Journal to the Center of McGuirk: Filmmaking and the Found Family of Home Movies, Part Two
Second years are a daunting proposition, far more intimidating than new beginnings. You’ve settled in to a new situation and no longer have freshman status to excuse your fumblings. It’s time to move forward, but when you've only made one step, you only have one foot in place. If the next doesn’t go far enough, you’ll get nowhere. If it strays too far, you’ll land on your face. It’s true of life, it’s true of school, and it’s true of television.
From the first scene of the second season of Home Movies, it is immediately clear that this is a different show than it was before. The most obvious change is that the jagged twitches of Squigglevision have given way to the clean lines and flat colors of Flash animation. But in contrast to the streamlined visuals, the show signals that it is about to get far more thematically complex. The season premiere, “Politics”, finds Brendon running for student body president. His win is tainted by accusations that eccentric bully Shannon (voiced by comedian Emo Philips) rigged the election in exchange for a role in the Small administration. Comedy ensues as the non-confrontational Brendon must clear his name without upsetting an unpredictable hooligan. It’s an intricate story that not only kicks off a denser second act of the show, but remains relevant social satire over a decade later.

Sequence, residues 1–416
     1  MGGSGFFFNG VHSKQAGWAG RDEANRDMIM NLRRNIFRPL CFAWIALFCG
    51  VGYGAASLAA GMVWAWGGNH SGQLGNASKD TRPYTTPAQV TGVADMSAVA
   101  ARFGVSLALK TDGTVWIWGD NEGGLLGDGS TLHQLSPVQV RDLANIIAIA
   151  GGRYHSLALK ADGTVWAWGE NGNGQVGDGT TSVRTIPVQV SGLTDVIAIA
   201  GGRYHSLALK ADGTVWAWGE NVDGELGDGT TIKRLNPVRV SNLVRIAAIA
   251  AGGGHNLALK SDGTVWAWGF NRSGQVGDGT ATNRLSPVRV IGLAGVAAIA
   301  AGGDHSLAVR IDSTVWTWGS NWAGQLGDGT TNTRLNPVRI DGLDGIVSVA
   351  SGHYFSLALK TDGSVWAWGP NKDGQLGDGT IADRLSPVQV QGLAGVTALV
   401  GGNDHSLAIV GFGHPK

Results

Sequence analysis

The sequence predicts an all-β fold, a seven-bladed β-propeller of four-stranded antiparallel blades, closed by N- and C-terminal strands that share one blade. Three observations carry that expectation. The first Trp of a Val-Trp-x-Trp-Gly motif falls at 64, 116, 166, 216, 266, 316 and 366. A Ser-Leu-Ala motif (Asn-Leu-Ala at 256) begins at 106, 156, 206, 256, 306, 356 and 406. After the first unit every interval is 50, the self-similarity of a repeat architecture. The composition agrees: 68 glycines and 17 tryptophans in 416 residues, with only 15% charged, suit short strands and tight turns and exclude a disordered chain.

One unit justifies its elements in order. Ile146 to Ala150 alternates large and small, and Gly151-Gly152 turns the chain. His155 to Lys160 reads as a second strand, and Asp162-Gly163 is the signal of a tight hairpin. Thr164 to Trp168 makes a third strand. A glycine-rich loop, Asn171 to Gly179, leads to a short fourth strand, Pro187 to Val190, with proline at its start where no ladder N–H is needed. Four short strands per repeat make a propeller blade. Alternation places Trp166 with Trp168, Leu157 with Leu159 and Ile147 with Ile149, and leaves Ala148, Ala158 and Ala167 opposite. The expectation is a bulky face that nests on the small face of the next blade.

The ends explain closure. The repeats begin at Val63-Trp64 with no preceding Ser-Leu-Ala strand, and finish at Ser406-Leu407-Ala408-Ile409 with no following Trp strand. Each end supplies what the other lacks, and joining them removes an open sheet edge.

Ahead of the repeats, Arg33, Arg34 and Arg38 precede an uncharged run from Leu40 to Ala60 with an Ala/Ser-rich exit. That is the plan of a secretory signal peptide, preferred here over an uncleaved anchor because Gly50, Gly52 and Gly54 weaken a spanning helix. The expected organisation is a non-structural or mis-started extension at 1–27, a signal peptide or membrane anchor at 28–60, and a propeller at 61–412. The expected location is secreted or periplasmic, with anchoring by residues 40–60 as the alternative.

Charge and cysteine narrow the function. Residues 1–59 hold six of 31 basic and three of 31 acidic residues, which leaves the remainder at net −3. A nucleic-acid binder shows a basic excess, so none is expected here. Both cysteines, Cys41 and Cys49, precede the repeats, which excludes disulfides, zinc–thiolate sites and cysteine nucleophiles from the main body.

Politics proved to be an important theme in my own second year of high school, as the 2004 presidential election loomed on the horizon. These were still the early days of the campaign trail, but I was keenly attentive, as this would be the first election for which I was really politically aware (I remember wanting Gore to win in 2000, but I was still more interested in Pokémon than presidents). Our rural North Dakota town ran stereotypically red, but my family was staunchly Democrat, and my friends and I were mostly artist types figuring out what it meant to lean left. Being too young to vote anyway, it felt like a complex and significant battle I could only observe.
The tight circle I’d found freshman year began to show the occasional crack inevitable among hormone-addled teens. We’d sometimes snap at each other, bear petty grudges, fall in and out of crushes on each other and each other’s crushes. I was seeing this reflected in each episode of Home Movies, sometimes with parallels so close they wouldn’t become clear without a few years' distance. A particularly ambitious class video project was put in jeopardy because one of us couldn’t stand being around the others that week, just as Brendon, Jason, and Melissa take a break from each other in “Hiatus”. I started to take an interest in dating, but would consistently blow what meager chances I had by trying too hard, much like Brendon in “Impressions”. My involvement in clubs and activities forced me to learn how to be nice to jerks, as the kids must be to the transcendently obnoxious Fenton (voiced by Sam Seder) in “The Party”. For a show about eight-year-olds who talked like thirty-year-olds, its resemblance to my sixteenth year was spooky.